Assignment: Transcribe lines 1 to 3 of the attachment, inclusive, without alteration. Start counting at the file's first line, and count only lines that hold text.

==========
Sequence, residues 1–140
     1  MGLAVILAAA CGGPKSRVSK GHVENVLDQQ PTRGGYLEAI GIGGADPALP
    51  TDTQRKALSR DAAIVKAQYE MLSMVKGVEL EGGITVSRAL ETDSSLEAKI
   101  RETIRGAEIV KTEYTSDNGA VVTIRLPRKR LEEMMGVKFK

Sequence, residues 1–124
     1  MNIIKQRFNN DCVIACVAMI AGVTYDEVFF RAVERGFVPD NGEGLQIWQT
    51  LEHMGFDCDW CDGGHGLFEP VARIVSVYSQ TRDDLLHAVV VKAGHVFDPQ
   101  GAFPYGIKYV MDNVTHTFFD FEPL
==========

Sequence, residues 1–140
     1  MGLAVILAAA CGGPKSRVSK GHVENVLDQQ PTRGGYLEAI GIGGADPALP
    51  TDTQRKALSR DAAIVKAQYE MLSMVKGVEL EGGITVSRAL ETDSSLEAKI